US stocks followed European equity markets lower Thursday, falling slightly after the European Central Bank enacted no new stimulus measures.
The Dow Jones Industrial Average declined 12.52 points (0.07 percent) to 17,900.10.
The broad-based S&P 500 dipped 2.41 (0.12 percent) to 2,071.92, while the tech-rich Nasdaq Composite Index declined 5.04 (0.11 percent) to 4,769.44.
Markets in Britain, France and Germany all fell sharply after the ECB held its benchmark interest rate steady at 0.05 percent.
ECB chief Mario Draghi said the bank has stepped up preparations for more anti-deflation measures, but that they will be reassessed only in January.
"Obviously the market needs continued support," said Steven Rosen, a managing director at Societe Generale. "Investors were looking for Europe to come with a grand plan. Every time they push it off."
Investors are gearing up for Friday's release of the November US jobs report.
Petroleum-related stocks had another bad day as oil prices retreated again. Dow component Chevron fell 1.3 percent, Marathon Oil lost 2.3 percent and rig company Transocean tumbled 4.6 percent.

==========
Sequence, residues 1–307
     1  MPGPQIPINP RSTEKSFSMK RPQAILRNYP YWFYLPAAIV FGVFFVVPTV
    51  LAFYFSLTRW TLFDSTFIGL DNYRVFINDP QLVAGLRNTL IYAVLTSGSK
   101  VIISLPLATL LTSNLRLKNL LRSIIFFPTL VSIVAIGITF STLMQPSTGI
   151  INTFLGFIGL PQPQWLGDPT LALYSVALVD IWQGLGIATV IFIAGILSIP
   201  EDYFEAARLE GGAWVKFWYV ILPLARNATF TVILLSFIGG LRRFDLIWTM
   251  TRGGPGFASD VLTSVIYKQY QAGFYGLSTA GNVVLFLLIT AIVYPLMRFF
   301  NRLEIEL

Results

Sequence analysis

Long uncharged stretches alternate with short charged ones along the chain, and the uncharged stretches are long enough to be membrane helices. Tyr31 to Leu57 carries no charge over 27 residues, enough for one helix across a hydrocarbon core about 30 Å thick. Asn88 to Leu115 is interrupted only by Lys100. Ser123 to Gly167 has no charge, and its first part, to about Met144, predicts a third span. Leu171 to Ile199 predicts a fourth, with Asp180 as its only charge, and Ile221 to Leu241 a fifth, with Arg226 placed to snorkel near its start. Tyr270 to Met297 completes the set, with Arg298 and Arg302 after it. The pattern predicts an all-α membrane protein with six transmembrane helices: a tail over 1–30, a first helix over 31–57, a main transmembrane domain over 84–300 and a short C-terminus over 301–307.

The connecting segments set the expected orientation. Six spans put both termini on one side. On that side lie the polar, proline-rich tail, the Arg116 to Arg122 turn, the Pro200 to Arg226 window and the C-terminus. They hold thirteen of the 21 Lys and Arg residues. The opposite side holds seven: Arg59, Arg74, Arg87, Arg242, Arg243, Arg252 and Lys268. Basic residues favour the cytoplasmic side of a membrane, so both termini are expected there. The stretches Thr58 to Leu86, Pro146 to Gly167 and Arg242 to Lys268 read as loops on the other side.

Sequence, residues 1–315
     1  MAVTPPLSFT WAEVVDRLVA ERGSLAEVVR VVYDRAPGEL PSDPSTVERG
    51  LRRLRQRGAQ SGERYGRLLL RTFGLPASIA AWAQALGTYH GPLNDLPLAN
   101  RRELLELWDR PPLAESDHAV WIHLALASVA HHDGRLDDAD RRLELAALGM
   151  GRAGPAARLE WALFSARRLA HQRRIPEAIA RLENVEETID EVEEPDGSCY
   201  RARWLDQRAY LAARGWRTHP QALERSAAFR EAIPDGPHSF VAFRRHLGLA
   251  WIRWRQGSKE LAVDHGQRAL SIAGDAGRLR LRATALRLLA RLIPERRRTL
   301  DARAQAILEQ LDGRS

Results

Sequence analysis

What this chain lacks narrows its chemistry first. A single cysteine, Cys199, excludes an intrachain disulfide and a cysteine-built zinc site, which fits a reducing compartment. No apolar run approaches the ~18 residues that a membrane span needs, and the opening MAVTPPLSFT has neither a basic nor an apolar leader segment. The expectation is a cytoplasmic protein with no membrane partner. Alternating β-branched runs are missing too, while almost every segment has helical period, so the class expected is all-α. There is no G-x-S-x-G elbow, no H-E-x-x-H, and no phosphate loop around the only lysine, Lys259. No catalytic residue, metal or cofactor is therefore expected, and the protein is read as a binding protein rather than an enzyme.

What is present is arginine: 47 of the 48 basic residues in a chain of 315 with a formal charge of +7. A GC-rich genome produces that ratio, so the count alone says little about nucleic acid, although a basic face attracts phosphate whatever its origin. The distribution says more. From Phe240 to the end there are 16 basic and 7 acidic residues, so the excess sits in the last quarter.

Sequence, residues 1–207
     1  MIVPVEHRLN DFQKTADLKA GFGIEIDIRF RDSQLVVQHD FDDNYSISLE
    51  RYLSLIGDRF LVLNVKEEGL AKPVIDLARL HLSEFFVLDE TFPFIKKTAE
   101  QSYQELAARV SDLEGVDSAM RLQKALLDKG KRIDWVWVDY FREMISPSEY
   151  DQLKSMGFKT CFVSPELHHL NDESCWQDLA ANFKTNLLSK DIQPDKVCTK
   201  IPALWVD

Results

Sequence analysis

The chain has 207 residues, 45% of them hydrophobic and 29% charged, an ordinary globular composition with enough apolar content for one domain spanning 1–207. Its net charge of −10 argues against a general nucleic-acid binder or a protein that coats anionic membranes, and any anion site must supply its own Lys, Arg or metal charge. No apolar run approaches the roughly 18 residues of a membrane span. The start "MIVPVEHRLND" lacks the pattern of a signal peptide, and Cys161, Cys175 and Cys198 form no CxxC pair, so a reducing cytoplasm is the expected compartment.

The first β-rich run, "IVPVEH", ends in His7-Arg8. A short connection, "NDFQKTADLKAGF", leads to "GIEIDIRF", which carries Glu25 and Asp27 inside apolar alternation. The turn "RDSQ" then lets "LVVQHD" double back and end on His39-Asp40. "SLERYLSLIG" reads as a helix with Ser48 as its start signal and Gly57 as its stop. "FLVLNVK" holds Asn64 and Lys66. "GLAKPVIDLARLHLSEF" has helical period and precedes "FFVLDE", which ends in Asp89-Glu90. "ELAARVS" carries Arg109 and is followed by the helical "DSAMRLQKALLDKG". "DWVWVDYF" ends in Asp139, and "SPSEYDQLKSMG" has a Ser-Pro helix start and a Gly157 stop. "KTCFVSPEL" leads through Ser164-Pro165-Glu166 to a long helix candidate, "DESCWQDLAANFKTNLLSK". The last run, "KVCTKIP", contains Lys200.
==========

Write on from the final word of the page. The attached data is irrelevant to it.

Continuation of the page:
Airlines rallied on expectations for higher profits due to lower fuel costs. Delta Air Lines gained 3.7 percent, while United Continental advanced 4.2 percent.
Pipeline operator Enbridge jumped 10.3 percent after announcing a 33 percent increase in its quarterly dividend.
Barnes & Noble fell 5.4 percent after announcing that it ended a partnership with Microsoft for its Nook tablet. B&N will buy back Microsoft's stake in the partnership for $300 million. Dow member Microsoft rose 1.6 percent.
Starbucks gained 1.0 percent as it unveiled a five-year plan to increase revenues to near $30 billion in 2019 from $16 billion in 2014. The company's plans include doubling its store count in China and boosting its food menu in the US.
Grocery chain Kroger added 3.6 percent as third-quarter net income jumped 21 percent to $362 million behind higher revenues.
Bond prices rose. The yield on the 10-year US Treasury fell to 2.26 percent from 2.29 percent Wednesday, while the 30-year dropped to 2.96 percent from 2.99 percent. Bond prices and yields move inversely.